Since HPF locates the turbocharger below the oil pan, an oil scavenging pump is installed to recirculate engine oil to the turbo housing. The turbo is also liquid-cooled by the BMW’s cooling system. A massive intercooler is mounted up front, and oncoming air is routed through HPF’s proprietary intake manifold. The latter is designed to work with methanol injection, which cools the intake air for an instant power boost when activated by a controller in the cockpit.
“We’re the first company to run 100% methanol,” says Bergemann, noting that most cars that run this type of setup use a mixture of 50% methanol/50% water (or a similar ratio) pumped into the intake tract.
The M3’s electronics have also been subjected to HPF’s black magic A piggyback ECU controls the factory DME, and a knock-sensing alarm emits an ear-splitting tone if the engine is running too lean and is about to suffer permanent damage to its internal organs.
The results of HPF’s efforts speak for themselves. According to Bergemann, this Stage 3 M3 pumps out 635 rear-wheel horsepower when running 17 psi of boost and using 91-octane pump gas. Pump up the boost to 23 psi, flip the switch that brings methanol injection to the party and power leaps to 766 rwhp. Fill the tank with race fuel and power grows to 768 rwhp, while race fuel and methanol injection allow the power to swell to a staggering 817 rwhp. Do the math and that’s only a few horsepower shy of 1,000 crankshaft horsepower…from an engine that originally put out 333 crank hp, and which HPF claims is still perfectly suitable for ordinary street driving.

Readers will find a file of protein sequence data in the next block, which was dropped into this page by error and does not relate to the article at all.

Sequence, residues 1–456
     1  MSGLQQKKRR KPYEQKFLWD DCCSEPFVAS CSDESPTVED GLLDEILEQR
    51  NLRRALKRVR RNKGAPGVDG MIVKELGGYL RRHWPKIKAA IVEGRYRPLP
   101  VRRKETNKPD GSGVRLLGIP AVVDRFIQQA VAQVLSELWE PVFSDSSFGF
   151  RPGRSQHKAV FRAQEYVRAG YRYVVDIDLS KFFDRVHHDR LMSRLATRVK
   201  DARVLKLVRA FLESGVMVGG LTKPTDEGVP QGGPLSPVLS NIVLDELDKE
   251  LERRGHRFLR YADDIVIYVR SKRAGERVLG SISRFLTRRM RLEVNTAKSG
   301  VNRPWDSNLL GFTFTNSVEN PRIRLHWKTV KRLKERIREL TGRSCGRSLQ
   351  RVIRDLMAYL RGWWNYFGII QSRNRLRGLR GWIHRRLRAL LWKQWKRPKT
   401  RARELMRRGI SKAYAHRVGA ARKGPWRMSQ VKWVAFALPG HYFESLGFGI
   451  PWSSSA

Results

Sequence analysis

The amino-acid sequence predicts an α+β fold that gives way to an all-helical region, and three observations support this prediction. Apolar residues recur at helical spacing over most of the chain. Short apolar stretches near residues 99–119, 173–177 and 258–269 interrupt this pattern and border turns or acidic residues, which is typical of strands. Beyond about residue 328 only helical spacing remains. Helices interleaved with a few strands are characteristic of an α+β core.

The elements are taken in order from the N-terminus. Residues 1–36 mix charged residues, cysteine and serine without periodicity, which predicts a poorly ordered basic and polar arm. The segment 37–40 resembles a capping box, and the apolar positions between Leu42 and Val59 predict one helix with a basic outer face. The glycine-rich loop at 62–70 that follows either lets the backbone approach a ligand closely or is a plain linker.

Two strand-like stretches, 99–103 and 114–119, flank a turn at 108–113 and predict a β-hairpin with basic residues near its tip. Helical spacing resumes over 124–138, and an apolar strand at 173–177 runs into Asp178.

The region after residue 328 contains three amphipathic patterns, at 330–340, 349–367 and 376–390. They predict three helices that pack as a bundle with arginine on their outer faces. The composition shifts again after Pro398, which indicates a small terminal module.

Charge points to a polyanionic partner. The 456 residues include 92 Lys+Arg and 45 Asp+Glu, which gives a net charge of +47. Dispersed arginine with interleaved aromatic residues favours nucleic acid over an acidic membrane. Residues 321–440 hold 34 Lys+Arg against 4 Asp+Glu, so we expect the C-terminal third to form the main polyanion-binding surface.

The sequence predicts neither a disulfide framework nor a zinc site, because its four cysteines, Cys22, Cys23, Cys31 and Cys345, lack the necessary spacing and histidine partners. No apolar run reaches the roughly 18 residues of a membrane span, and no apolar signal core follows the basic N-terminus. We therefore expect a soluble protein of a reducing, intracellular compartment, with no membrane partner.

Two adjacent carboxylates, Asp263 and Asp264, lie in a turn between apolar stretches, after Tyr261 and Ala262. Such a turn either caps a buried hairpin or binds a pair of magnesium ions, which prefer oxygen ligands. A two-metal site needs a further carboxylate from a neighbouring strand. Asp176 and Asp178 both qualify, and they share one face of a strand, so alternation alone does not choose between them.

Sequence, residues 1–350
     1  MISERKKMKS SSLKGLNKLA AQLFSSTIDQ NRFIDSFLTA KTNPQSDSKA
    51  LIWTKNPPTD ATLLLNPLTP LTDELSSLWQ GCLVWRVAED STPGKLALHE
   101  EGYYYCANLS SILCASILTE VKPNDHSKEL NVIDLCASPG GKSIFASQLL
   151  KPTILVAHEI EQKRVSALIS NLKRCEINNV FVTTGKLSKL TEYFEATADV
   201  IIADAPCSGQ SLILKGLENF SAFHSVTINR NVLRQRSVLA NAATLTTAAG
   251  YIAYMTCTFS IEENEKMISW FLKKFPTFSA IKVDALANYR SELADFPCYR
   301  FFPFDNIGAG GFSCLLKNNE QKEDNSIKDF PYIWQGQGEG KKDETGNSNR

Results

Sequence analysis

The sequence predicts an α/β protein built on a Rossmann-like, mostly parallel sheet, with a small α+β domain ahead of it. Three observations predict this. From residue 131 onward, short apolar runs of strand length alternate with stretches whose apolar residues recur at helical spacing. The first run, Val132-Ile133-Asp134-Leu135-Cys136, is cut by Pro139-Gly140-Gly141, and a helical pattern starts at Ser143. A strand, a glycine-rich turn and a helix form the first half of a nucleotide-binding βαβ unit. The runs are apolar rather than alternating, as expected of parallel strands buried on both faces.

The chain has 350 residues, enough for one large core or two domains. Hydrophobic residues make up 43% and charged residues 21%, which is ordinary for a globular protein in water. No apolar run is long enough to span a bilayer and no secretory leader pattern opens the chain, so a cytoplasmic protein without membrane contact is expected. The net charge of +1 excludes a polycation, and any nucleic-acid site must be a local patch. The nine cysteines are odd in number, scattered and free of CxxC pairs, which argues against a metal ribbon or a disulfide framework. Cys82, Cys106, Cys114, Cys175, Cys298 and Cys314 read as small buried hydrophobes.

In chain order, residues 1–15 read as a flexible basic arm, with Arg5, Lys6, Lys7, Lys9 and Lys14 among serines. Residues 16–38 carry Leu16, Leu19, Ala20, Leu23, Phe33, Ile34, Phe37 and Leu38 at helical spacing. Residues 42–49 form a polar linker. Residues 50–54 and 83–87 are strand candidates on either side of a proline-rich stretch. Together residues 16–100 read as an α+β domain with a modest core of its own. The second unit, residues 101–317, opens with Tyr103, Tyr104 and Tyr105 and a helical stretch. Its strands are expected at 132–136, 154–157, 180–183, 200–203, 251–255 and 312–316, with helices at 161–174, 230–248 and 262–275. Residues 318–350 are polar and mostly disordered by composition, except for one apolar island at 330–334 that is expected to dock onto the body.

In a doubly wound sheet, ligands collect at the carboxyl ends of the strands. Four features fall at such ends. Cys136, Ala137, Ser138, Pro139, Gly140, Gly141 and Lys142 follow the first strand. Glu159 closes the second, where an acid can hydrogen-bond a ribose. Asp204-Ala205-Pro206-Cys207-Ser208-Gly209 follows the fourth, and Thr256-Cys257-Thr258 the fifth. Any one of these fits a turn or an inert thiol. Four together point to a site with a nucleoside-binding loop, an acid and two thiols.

In order to safely harness it all, HPF also engineered a traction control system that limits the amount of available power based on the speed of the vehicle. The faster the car is traveling, the more power the system feeds to the rear wheels, resulting in a BMW that accelerates fastest when headed towards triple digits, since full boost isn’t available until over 80 mph. It further has settings for Race, Sport, Street and Rain.
Speak loudly, carry a small stick